With free allowances, complex monitoring, reporting and verification (MRV) arrangements, reasonable quality carbon credit availability, all-outgoing flight coverage, new entrant capacity, significant penalties for non-compliance, permanent review and policy development/revision opportunities, open public access to performance reporting and with both Parliament and the European Commission’s (EC) Climate Action Directorate General willing to engage positively with all parties, the policy was a model framework.

Not perfect, but capable of producing something workable and potentially toughened over time.

Of course, those paragons of accepting the will of the European Parliament – the global aviation industry – predictably went collectively nuts at this perceived threat to their very existence, mounting an even more aggressive campaign in what to date has proved an overall futile attempt to destroy the Aviation EU ETS.

Industry did however manage to get the scheme partially rolled back to cover intra-EU airspace emissions only by IATA developing and promoting its own parallel universe project, Carbon Neutral Growth from 2020 (CNG 2020).

This claimed that a combination of measures – technology gains, increased load factors, better ATM and flight operations, plus the aviation alternative fuels/biofuels mirage – would just leave a small amount of CO2 emissions that could be mopped-up by voluntary purchases of low-quality (but cheap!) offsets.

Successful lobbying of civil aviation regulators and transport ministries globally achieved IATA’s goal – supported incidentally by all other aviation trade associations – of transforming their CNG 2020 outline into hard ICAO policy. This neatly puts control of targets, pricing, MRV and everything else, including, funnily enough, disbanding regional schemes (i.e. the Aviation EU ETS), firmly in the hands of what can only be described as an overly bureaucratic, slow, cumbersome and most importantly, entirely producer-captured body that dances (sadly and badly, rather like your Dad!), entirely to the aviation industry’s tune.

The EU’s olive branch offer to compromise on flight coverage, the so-called ‘Stop the Clock’ option, was and is conditional upon the ICAO GMBM project coming into force with a target outcome and components at least as effective as the Aviation EU ETS, plus with the bonus of global airline participation. Otherwise, what’s the point?

Let’s be clear: the entire industry despises the EU emissions scheme precisely because the free allowances will likely disappear over time, the cap will tighten and the unit cost of both carbon allowances within the scheme and their supply will likely rise and tighten too.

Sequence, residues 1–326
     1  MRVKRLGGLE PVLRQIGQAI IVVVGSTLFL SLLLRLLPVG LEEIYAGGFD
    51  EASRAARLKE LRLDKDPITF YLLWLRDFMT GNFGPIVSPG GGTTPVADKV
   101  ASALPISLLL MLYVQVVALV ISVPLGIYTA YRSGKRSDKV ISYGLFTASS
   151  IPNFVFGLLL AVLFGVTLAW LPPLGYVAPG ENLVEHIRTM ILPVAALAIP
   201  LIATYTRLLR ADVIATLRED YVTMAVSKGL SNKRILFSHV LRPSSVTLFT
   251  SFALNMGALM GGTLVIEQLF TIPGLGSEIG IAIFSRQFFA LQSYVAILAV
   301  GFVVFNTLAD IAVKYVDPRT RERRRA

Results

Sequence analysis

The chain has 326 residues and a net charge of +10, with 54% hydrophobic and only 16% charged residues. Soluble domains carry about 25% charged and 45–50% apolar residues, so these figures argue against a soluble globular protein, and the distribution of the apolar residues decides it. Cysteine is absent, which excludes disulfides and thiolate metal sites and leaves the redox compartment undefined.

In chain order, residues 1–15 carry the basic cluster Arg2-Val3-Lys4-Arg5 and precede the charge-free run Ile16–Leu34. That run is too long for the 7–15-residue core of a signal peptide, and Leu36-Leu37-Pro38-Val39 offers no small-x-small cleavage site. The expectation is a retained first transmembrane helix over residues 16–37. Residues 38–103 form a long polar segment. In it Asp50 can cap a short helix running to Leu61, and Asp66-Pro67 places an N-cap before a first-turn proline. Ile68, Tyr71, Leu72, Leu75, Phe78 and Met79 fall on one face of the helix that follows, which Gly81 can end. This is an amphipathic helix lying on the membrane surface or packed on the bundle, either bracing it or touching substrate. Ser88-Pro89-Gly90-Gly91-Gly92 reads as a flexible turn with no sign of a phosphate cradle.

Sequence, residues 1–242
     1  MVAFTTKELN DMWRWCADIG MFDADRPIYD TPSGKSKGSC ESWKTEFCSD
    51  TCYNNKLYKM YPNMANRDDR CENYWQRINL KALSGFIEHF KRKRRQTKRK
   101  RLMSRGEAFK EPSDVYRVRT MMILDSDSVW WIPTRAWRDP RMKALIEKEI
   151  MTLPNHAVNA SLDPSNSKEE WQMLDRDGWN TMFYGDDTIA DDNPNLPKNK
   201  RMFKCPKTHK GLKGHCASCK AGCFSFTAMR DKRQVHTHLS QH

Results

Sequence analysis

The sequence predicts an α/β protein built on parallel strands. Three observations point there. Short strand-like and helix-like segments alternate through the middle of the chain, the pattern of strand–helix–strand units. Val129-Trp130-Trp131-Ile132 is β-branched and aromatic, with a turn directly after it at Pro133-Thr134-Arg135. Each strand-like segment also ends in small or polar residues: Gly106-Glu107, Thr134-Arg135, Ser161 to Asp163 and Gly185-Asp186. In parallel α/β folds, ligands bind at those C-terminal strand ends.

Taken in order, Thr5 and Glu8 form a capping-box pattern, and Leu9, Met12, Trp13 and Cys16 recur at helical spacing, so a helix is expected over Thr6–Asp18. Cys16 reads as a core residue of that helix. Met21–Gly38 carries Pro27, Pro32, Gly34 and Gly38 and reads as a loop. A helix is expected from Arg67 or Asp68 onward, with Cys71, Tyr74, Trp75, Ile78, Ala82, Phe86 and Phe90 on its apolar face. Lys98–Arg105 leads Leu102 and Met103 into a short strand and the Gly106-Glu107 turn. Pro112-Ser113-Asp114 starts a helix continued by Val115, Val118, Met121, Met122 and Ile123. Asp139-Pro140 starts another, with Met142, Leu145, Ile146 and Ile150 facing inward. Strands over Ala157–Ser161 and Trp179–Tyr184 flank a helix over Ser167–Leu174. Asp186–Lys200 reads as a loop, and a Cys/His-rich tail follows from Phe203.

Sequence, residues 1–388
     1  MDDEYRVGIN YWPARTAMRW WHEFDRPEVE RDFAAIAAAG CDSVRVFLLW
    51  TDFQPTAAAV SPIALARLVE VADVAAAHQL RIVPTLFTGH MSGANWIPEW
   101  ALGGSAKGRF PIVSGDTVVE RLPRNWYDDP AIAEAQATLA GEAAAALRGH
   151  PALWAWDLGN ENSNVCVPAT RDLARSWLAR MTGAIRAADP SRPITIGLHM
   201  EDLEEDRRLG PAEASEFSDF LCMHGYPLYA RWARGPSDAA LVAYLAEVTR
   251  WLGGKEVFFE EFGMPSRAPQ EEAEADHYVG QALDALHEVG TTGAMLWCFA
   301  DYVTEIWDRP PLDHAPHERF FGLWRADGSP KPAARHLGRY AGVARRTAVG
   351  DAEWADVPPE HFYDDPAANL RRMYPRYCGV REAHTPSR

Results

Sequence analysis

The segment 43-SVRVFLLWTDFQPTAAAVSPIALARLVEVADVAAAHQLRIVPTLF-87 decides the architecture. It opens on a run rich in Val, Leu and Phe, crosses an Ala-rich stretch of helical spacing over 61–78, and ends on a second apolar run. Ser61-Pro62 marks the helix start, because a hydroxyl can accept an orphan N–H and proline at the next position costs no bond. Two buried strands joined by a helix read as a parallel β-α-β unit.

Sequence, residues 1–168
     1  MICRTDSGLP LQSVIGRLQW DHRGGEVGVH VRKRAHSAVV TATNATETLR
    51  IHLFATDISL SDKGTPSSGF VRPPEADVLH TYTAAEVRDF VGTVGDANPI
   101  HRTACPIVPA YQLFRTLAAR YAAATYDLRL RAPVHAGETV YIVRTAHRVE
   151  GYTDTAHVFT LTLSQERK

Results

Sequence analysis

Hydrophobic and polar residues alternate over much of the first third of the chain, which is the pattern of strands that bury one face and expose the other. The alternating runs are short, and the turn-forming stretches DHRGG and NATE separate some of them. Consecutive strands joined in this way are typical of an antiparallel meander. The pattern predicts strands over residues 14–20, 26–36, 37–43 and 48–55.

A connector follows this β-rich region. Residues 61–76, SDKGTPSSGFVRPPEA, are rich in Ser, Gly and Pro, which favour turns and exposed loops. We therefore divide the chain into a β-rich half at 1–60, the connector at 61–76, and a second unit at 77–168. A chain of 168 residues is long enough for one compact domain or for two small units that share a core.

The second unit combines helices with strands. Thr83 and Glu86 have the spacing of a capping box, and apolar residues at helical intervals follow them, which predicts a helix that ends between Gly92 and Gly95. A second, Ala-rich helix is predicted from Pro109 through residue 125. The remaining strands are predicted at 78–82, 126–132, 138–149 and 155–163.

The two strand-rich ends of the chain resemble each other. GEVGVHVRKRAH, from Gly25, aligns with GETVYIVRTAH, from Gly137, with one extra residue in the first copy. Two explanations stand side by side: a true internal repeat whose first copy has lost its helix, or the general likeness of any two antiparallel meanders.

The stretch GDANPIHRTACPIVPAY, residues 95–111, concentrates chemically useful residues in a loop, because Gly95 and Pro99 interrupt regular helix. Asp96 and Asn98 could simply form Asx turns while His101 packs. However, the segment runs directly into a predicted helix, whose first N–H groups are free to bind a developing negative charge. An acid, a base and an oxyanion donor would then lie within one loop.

The involvement of environment ministries means the industry’s symbiotic relationship with transport ministries and aviation regulators is also significantly watered down.

The IATA/ICAO CNG (carbon neutral growth)  project is simply a fig leaf of business-as-usual greenwash.

So where does this leave the EU scheme and the need for an environmentally effective response to aviation’s CO2 emissions?

Here are my thoughts on the desired outcome from a European viewpoint:

  • Europe, in the form of a tough uncompromising alliance of the EU/EC, the four-person MEP ICAO Assembly delegation and European Member States, along with global environmental NGOs and those countries most at risk from climate change impacts, must come away with the EU’s right to keep the Aviation EU ETS intact.
  • By all means continue to work through ICAO on the GMBM but acknowledge this is not at all acceptable as it stands. Indeed, there really isn’t a complete, comprehensive policy on the table right now, more a fabulous wish-list.
  • Recognise that the “up to 80%” coverage figure quoted is not 80% of emissions but just future growth beyond a contrived baseline of a 2020 start and therefore unacceptably low. It also excludes approximately 40% of worldwide aviation emission as it doesn’t cover domestic emissions at all.
  • Current discussions of offset quality are simply not a serious policy outcome.
  • The degree of exemptions proposed are contrived and unacceptable.
  • The industry cannot be trusted to develop a 1.5 degree compliant policy and indeed most importantly for a UN body, ICAO cannot and should not sign up to a policy that fails to meet the Paris goal, as this proposal singularly doesn’t.

Two weeks from next Tuesday, when the Assembly starts, is a long time to expect anybody to hold their breath in anticipation that the Assembly will transform IATA’s ‘CNG from 2020’ project into a Paris 1.5 degree compliant policy to control and reduce civil aviation’s CO2 emissions.